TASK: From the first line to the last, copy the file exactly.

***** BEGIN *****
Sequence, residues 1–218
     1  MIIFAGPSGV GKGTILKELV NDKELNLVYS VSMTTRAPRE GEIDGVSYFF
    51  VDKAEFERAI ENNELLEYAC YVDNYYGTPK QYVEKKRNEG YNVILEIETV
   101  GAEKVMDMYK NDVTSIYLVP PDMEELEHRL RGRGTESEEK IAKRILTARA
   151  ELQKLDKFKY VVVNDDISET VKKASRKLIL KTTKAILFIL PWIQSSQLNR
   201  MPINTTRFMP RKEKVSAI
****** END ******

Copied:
Sequence, residues 1–218
     1  MIIFAGPSGV GKGTILKELV NDKELNLVYS VSMTTRAPRE GEIDGVSYFF
    51  VDKAEFERAI ENNELLEYAC YVDNYYGTPK QYVEKKRNEG YNVILEIETV
   101  GAEKVMDMYK NDVTSIYLVP PDMEELEHRL RGRGTESEEK IAKRILTARA
   151  ELQKLDKFKY VVVNDDISET VKKASRKLIL KTTKAILFIL PWIQSSQLNR
   201  MPINTTRFMP RKEKVSAI